Wednesday, February 20, 2013

Great screened kitchen garden

by Teresa Mellish

On our way back from visiting schools last week, we stopped at a screened kitchen garden owned by a Muchui member.  We had spotted it on the way to the school because the white plastic mulch was noticable from the road.

The tomatoes were mulched with co-extruded plastic mulch which reduces the water evaporation and the weeds.  The garden also included onions, green peppers and swisss chard.  Outside there was zucchini and sweet potatoes.

Jennifer bought some tomatoes, chard, zucchini and green peppers  to take home for our supper.

The owner said that the garden had changed her life because  she had vegetables to eat and money to spend. 

We were impressed that her tomatoes did not have blight- and other tomatoes that we had seen in the area were blighted.

Cookhouse and kitchen at Ithanji Primary School

by Teresa Mellish

Ken and I visited the Ithanji Primary School yesterday to see their new cookhouse (kitchen). Esther ( Parents committee  chairlady) and  Dorothy (twinning teacher) met us to show how the kitchen is being used to cook porridge and lunch for over 100 students and staff for the school. The kitchen was funded by the Stonepark School.   It still lacks some paint and windows.  There are benches outside the kitchen for the students to eat lunch during rainy saason.

Although everyone told us about the positive impact the kitchen was having on the students,  they also had high praise for the three water tanks at the school.  Two tanks  were still full of water and they had used one tank since the beginning of the school year.

The School showed us the maize and beans contributed by the parents   They told us they plan to plant a kitchen garden soon.

Tuesday, February 12, 2013

Final week for 4th year vet team 2013!

In our final week in Kenya, the FHF veterinary team headed back to the Karatina area. This week we were also thrilled to add two more veterinarians to our team, Dr. Dave and Dr. Martha!

Throughout the week our team continued to meet with dairy groups, give seminars to farmers, and examine and treat individual cows. On Tuesday we met with a growing dairy group that has just recently started working with FHF, the Kiamuruga Dairy Self Help Group. The group was excited for us to be there. We had a strong turn out for the seminar, and the farmers were very interactive and asked lots of questions!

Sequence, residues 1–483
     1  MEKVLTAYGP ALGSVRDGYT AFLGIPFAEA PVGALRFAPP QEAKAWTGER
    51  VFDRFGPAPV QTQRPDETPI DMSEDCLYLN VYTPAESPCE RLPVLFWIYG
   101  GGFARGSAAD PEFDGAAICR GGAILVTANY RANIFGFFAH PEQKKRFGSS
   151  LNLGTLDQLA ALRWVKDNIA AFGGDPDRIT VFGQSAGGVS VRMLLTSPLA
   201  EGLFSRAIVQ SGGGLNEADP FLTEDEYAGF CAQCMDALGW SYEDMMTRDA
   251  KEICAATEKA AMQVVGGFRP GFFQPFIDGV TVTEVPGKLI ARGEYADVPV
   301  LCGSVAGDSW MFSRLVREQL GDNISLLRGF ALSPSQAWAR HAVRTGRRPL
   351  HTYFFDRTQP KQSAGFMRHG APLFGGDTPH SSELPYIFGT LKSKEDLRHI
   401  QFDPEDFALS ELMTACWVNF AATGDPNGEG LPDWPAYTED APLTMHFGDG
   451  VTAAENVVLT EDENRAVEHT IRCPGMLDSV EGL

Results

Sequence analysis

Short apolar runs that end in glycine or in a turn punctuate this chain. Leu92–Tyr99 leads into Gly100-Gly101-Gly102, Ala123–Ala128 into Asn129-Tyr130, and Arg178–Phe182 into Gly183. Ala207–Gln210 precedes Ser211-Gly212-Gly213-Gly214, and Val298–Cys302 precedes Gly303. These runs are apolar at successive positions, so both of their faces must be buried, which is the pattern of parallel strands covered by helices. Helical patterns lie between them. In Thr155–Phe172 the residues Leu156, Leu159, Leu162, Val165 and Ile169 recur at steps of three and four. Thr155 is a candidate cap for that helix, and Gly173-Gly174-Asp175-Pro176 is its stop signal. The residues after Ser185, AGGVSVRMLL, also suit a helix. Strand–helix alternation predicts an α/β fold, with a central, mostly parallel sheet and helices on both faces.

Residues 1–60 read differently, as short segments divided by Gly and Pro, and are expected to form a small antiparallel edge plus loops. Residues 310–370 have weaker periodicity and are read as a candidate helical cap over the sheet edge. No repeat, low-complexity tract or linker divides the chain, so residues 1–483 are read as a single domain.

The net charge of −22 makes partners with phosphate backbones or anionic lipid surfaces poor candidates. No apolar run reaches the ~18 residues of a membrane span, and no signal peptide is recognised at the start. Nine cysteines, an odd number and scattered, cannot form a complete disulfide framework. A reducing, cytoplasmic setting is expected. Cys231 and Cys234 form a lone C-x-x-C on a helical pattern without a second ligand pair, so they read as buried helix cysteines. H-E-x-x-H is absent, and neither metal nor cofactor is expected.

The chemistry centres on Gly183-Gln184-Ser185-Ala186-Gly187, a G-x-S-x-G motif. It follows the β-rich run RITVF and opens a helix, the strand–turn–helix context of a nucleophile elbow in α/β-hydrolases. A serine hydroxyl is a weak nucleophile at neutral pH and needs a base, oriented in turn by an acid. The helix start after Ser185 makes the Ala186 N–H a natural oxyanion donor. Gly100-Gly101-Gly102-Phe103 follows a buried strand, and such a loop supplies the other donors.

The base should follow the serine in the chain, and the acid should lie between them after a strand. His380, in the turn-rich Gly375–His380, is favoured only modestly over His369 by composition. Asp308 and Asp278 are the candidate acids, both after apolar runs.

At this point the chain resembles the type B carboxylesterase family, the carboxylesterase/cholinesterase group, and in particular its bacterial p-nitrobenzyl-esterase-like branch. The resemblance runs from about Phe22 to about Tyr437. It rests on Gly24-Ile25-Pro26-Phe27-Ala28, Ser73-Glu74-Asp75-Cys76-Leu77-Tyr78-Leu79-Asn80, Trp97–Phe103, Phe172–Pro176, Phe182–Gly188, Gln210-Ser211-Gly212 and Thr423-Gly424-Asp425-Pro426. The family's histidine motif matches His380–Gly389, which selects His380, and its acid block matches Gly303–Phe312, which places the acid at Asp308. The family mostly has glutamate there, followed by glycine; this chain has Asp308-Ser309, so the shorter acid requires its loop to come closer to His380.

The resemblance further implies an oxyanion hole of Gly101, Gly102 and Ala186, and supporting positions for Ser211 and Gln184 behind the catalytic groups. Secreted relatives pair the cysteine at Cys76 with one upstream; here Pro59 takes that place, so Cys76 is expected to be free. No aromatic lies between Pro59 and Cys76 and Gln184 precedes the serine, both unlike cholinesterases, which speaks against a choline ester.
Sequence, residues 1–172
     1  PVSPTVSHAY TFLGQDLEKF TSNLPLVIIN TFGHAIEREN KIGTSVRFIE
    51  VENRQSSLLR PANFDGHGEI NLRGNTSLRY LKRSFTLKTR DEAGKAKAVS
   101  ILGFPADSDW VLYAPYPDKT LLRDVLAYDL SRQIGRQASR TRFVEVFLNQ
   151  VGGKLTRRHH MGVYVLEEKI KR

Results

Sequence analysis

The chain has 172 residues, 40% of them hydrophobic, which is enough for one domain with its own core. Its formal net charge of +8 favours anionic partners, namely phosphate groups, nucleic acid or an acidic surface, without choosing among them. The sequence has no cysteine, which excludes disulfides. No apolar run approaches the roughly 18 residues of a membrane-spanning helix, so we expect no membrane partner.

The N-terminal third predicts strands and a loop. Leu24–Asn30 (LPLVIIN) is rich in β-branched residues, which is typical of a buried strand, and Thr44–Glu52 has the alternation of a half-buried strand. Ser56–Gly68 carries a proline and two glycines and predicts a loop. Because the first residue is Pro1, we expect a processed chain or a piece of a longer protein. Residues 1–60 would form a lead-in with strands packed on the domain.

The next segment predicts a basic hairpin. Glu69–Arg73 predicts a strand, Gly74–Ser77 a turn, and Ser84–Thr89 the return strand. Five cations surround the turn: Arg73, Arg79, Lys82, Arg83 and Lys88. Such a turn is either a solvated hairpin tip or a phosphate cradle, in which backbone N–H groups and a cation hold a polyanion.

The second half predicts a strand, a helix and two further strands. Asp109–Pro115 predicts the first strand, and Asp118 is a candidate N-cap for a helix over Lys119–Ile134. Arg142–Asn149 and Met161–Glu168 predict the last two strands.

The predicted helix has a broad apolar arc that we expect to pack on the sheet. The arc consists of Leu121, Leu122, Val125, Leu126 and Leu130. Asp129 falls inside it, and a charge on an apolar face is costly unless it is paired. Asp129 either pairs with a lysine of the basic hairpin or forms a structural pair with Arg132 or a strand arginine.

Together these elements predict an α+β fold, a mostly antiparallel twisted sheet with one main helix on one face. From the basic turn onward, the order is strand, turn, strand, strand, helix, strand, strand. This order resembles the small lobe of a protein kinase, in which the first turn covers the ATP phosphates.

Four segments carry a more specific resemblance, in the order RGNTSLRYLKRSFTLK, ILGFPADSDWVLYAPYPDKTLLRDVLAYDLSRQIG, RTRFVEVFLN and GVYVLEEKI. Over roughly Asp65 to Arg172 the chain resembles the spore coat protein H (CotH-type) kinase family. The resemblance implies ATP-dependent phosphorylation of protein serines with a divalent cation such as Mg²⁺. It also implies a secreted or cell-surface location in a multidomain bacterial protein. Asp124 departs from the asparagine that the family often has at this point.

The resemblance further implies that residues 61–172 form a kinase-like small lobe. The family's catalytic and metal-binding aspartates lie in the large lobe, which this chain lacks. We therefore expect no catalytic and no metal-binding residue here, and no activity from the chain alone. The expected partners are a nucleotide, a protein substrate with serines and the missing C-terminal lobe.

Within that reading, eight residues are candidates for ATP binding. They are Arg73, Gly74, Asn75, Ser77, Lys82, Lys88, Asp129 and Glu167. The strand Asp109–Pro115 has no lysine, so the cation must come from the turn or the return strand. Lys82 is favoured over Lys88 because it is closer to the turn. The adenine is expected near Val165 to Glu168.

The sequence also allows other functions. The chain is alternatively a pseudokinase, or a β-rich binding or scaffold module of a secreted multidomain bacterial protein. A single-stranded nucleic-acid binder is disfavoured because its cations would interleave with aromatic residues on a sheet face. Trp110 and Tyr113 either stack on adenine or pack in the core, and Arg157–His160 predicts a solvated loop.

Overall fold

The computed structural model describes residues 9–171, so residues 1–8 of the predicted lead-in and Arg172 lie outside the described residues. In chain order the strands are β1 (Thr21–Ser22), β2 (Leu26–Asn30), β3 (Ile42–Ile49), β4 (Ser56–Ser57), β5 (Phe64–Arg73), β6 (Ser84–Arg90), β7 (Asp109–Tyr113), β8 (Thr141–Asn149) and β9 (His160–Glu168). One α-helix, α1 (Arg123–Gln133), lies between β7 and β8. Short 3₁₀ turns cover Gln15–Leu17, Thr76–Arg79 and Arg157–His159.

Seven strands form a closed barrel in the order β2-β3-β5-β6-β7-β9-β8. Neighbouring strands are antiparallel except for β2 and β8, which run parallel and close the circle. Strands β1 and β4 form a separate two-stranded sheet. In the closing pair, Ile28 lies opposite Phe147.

With the extra help from Drs. Dave and Martha we were able to talk to more farmers and see more cases. In the Kiamuruga dairy area we saw a number of cow housing issues, including uncomfortable beds, poorly designed zero grazing units, and dirty cows. These housing issues were making mastitis a common problem in this area. The Kiamuruga dairy is a group that has the potential to benefit from the training that FHF can offer. 

As the third week came to a close we were all sad to say goodbye to Kenya and the friends we had made. We had an amazing experience and learned so much during our trip!


Wednesday, February 6, 2013

Blog Posting #1 By Patricia Bishop
February 6th 2013.
Wuchui Womans Group Focus Group session
After spending a week and a half observing, asking a lot of questions and contemplating, I see that the woman of the Ruuju Womans Group and the Muchui Womans Group are some of the most resilient woman I have ever met. Many of the woman in these two womans groups live a subsistence existence, where they are working hard each day to provide the basic nutrition and health to their families. Many of them do not have anything extra to speak of, a knife, a pen, paper are all luxuries that do not make it into their lives unless they are a gift. Some of the woman in these groups have jobs outside of their daily tasks on their farms. They wake at 4:30 AM to prepare for the children, the farm and then get themselves off to work. The food is basic, not processed and packaged. They eat what is grown on their shamba (farm) or vegetables or cereals from a shamba next door. They walk everywhere, or if they have the shillings they pay to hire a motorcyle to drive them they will go out of the rural area where they live to do their business in town. For some this happens once every couple of months or only when the children need shoes or someone needs medical attention. Most of the homes I have visited do not have power.

I have been conducting focus groups with the woman in the two womans groups. The purpose of these focus groups has been to learn from them what is of benefit to them in their womans groups, what challenges they face in the groups, what changes they would like to see and the real point has been how they envision carrying on with the iniatives of their groups once the CIDA Funded FHF project is complete in 2014.  The woman for the most part are all saying the same thing in the four different groups – that being a part of the group has provided them with great benefits of tanks to hold water, screen houses, stoves that reduce smoke and fire wood use, and farming skills that increase the vegetables grown on their farms (shambas). They also value greatly the community in their groups. The major challenge identified by all groups is having a market for their products. If they can make more shillings then they can fund more of the work that their womans groups have started. For reference, the price of a green cabbage is 5 -20 shillings – that is less than one cent in Canadian Dollars.

In a region where so many people are just surviving, it is difficult to see where or how the market price can improve. The culture of very cheap food is borne out of necessity for the most part, but just like everywhere else I have visited, it is still on the backs of the small scale farmers. There are much larger farms here in Kenya. Farms that have 100's of acres of tunnel houses growing crops for export. Those farms appear to be doing well (and are not owned my Kenyans). I question as we travel past the large acrage of tunnels if those farms have difficulty accessing water year round like the woman in the villages do. I don’t know the answer.